FREDERICTON — New Brunswick has unveiled its road map to have all of its COVID-19 restrictions lifted by Aug. 2, a plan it calls the “Return to Green.”
Provincial Health Minister Dorothy Shephard said today the three-stage plan to reach the green alert level could be altered if the province falls short of its vaccination targets or there is a sharp rise in hospitalizations linked to the novel coronavirus.
Shephard says the first stage of loosening pandemic rules could start as early as June 7, so long as 75 per cent of New Brunswickers aged 12 and up have received a first dose of COVID-19 vaccine.
Assuming the entire province is at the yellow alert level — the second-lowest level — isolation and testing will no longer be required for those travelling within Atlantic Canada, with the exception of Nova Scotia.
The next stage could be reached as early as July 1, but only if at least 20 per cent of New Brunswickers over the age of 65 have received their second dose of vaccine and the entire province is at the yellow level.
At that point, the Atlantic travel bubble will be reopened to Nova Scotia and travel registration will no longer be required for those in Atlantic Canada.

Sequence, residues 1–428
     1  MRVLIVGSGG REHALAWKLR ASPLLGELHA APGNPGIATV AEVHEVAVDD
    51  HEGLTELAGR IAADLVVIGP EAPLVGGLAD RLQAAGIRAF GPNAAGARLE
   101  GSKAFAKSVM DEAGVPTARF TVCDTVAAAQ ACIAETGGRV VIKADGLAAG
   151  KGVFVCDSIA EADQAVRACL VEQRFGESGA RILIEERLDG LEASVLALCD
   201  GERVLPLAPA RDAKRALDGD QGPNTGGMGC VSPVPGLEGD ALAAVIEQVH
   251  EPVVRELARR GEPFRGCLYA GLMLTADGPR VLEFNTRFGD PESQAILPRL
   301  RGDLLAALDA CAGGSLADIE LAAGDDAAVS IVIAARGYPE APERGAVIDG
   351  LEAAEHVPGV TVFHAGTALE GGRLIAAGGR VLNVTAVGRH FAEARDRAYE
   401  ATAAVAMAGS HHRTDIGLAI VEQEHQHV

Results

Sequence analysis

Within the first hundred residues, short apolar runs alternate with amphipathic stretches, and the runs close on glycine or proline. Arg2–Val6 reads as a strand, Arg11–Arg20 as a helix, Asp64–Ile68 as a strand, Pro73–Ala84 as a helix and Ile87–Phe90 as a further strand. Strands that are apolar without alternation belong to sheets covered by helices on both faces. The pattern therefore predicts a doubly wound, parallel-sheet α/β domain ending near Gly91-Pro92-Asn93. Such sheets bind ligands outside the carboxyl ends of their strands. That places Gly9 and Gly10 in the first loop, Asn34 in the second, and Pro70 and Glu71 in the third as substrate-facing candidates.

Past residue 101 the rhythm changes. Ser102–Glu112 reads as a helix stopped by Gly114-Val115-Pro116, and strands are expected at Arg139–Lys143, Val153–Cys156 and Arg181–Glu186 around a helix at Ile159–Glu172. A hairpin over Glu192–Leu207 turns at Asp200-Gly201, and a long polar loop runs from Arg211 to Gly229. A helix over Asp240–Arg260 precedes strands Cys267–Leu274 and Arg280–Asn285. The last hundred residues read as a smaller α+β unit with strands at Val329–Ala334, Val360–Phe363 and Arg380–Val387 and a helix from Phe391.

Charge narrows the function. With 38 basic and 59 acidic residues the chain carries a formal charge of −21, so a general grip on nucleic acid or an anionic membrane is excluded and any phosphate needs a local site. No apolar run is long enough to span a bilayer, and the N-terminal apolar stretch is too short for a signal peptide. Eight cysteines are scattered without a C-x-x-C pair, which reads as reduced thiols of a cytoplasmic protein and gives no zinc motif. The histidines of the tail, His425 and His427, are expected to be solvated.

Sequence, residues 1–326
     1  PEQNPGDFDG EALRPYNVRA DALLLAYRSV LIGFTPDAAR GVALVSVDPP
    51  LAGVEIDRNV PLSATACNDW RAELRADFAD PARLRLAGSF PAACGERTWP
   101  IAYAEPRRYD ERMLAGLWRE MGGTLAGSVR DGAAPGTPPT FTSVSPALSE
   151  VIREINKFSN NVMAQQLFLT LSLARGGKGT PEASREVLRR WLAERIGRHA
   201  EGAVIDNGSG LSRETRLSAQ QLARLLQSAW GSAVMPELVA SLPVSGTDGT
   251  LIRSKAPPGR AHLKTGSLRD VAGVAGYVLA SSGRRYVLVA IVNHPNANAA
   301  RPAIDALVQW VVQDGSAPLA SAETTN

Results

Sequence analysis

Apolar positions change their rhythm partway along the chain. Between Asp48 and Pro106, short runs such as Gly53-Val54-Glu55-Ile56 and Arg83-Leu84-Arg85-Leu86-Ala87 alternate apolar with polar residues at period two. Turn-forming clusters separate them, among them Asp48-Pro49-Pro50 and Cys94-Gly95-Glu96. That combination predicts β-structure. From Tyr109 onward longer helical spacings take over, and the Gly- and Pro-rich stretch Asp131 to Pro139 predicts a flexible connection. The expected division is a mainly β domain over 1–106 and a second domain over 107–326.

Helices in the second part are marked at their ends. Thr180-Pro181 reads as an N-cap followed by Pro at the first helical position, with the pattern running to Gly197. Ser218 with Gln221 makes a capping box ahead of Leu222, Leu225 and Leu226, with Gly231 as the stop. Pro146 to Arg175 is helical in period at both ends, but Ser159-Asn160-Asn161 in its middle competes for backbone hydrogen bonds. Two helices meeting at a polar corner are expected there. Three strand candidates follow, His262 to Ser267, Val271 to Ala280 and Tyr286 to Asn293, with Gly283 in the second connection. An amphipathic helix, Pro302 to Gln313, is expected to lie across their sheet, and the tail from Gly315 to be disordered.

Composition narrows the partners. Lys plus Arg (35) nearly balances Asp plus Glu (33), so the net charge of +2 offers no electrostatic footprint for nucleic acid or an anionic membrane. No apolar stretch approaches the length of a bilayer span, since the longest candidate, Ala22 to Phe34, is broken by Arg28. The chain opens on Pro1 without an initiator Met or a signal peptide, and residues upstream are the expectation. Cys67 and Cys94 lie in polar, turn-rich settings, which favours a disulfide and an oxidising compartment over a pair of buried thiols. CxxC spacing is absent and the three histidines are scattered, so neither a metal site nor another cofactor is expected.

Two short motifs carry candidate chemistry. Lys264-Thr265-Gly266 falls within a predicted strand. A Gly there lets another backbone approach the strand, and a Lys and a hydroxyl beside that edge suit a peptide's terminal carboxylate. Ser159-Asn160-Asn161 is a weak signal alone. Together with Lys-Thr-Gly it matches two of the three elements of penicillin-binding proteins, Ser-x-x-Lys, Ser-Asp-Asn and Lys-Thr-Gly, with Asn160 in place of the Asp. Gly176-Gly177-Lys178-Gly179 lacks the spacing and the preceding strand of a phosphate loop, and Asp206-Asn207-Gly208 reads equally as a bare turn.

Canadians coming to the province from outside the Atlantic bubble with at least one dose of vaccine will be permitted entry with no isolation required, though travel registration will continue. Those with no vaccinations will be required to isolate with testing.
These rules will also apply to travellers from Maine, but they won’t be implemented until federal travel restrictions change.
Restaurants, gyms and salons will be permitted to operate at regular capacity if they maintain contact lists for clients.
On Aug, 2, New Brunswick Day, all health restrictions will be lifted if 75 per cent of New Brunswickers aged 12 and over have received a booster shot.
“The bottom line is that green is coming and it’s closer than maybe we imagined,” Shephard said. “We are in this position thanks to a lot of hard work being done across our province to roll out vaccines quickly and efficiently.”
This report by The Canadian Press was first published May 27, 2021.
The Canadian Press